There are multiple viable options for common law litigation in the Middle East, which are well-structured and have been tried and tested over time. In particular, the above mentioned common law courts operate within stable legal frameworks, enjoy consistent supported by respective governments, comprise seasoned high calibre judges, and are endorsed by professional qualified legal practitioners providing client services within the jurisdictions.  Importantly, judgments issued by said courts are respected and regularly enforced domestically, regionally, and internationally.

The authors of this article are Sergejs Dilevka (Senior Counsel) and Dimitriy Mednikov (Associate).

Sergejs is a Senior Counsel at the Dispute Resolution department of the firm’s Dubai office. Sergejs is a dual-qualified lawyer: he is admitted as a Solicitor of the Senior Courts of England & Wales and admitted to practice as an Attorney and Counsellor of Law in the Courts of the State of New York. Sergejs has over 15 years of experience in advising and representing multinational companies and high-net-worth individuals in a wide range of complex institutional (ICC, LCIA, DIFC-LCIA, LMAA, SCC, SCIA, DIAC, GCC CAC) and ad hoc international and domestic arbitration proceedings, and litigation proceedings at DIFC Courts. Sergejs is a registered practitioner with DIFC Courts and ADGM Courts.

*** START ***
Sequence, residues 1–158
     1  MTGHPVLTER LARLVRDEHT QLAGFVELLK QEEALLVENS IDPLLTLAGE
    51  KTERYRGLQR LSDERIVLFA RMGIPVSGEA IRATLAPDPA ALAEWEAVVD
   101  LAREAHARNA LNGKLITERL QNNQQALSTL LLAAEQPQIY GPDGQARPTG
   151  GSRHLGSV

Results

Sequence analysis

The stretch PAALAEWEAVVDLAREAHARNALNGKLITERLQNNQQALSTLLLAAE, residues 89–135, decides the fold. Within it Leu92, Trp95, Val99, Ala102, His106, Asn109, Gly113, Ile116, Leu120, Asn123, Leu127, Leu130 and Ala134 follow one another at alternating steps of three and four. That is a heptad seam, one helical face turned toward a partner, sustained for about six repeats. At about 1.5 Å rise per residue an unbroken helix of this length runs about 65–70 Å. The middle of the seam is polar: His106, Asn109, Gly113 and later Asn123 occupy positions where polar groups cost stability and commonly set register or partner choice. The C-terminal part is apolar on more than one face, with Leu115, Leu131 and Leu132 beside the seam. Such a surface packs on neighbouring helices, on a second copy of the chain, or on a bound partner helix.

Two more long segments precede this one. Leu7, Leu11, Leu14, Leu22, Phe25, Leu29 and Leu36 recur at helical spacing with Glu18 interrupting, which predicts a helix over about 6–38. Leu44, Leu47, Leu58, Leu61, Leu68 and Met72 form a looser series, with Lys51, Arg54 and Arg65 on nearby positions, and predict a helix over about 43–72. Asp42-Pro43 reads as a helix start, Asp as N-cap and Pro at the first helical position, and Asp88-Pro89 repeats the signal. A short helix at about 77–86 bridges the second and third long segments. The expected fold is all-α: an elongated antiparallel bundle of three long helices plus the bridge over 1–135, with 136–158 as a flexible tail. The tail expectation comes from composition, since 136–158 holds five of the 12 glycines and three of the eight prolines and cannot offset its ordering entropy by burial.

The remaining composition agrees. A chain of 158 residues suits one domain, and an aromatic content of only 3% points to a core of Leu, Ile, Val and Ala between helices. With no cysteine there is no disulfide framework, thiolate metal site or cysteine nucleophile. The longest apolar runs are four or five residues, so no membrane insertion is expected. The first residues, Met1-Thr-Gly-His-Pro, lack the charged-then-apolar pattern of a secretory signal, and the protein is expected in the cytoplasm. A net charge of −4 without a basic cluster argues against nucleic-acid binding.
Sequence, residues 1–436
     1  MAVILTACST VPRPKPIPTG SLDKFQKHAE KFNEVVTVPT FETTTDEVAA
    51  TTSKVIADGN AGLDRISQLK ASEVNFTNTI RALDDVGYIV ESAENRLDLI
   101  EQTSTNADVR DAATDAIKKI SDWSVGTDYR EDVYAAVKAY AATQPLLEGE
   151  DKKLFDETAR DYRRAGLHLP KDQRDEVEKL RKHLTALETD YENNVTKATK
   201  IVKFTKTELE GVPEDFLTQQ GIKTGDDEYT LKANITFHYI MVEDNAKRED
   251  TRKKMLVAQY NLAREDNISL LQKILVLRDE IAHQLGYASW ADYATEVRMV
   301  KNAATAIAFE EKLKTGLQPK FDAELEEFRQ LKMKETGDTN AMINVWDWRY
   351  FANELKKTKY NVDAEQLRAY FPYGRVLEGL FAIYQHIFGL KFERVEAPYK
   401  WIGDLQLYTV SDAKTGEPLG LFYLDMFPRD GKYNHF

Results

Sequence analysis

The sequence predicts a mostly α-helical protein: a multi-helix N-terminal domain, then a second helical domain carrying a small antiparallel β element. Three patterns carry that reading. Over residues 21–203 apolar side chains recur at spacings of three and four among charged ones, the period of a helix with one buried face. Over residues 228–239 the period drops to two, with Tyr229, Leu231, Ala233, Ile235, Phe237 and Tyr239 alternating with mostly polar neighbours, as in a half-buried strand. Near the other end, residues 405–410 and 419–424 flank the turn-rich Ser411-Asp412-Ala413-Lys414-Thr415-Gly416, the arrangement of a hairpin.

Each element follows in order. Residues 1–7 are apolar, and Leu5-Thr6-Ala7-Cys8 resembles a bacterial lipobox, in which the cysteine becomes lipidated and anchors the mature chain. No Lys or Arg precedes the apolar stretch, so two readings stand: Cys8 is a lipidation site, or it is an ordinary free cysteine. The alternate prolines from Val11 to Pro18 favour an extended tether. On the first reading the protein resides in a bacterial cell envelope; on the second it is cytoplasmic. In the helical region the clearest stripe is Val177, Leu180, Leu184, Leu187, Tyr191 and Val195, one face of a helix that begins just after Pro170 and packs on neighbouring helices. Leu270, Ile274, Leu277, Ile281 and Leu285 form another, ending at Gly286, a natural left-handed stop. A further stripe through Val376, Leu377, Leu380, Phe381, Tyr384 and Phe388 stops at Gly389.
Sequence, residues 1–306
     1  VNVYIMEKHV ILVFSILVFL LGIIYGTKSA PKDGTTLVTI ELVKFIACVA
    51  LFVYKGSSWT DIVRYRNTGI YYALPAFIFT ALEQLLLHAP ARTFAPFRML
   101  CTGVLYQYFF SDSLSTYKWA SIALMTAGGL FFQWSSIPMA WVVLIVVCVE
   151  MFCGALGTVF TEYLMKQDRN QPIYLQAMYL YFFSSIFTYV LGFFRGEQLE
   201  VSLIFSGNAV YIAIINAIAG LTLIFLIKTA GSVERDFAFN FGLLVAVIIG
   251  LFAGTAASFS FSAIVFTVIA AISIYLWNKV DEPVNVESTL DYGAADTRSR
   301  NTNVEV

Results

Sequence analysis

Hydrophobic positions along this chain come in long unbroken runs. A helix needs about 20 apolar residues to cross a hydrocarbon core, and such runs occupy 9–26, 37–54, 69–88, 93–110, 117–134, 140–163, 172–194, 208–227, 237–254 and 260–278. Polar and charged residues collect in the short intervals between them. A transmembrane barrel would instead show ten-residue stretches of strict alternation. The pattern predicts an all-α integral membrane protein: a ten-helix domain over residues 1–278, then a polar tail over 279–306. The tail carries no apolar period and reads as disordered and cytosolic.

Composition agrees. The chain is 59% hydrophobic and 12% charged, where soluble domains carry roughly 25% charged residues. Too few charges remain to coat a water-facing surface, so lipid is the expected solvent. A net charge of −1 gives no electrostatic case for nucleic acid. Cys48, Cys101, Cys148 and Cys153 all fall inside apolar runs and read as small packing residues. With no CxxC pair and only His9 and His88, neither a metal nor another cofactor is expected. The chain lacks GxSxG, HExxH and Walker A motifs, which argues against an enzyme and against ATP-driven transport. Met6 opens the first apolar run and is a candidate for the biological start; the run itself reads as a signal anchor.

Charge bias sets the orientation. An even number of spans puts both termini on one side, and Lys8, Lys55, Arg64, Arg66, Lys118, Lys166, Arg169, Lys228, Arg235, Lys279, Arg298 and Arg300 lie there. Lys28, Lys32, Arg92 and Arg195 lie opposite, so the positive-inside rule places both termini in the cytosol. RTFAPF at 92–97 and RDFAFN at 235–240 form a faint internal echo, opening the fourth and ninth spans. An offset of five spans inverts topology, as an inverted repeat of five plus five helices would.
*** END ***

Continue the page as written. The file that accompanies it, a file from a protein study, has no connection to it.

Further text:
Dimitriy is an Associate at the Dispute Resolution department of the firm’s Dubai office. His practice focuses on complex commercial arbitration, particularly in the IT, engineering and construction, and M&A sectors. Dimitriy has substantial experience in advising and acting for high-net-worth individuals in cross-border disputes, criminal proceedings involving allegations of money laundering, and the European Court of Human Rights.

Sergejs will be attending the English Law Day in Istanbul, on 9 March 2023, where he will join other speakers in discussing the topic of “Arbitral institutions – where best to settle your CIS related dispute.”

For more information on how Galadari Advocates & Legal Consultants may assist with your arbitration, please get in touch directly with Sergejs Dilevka or Dimitriy Mednikov.

Sergejs Dilevka
Senior Counsel

Dimitriy Mednikov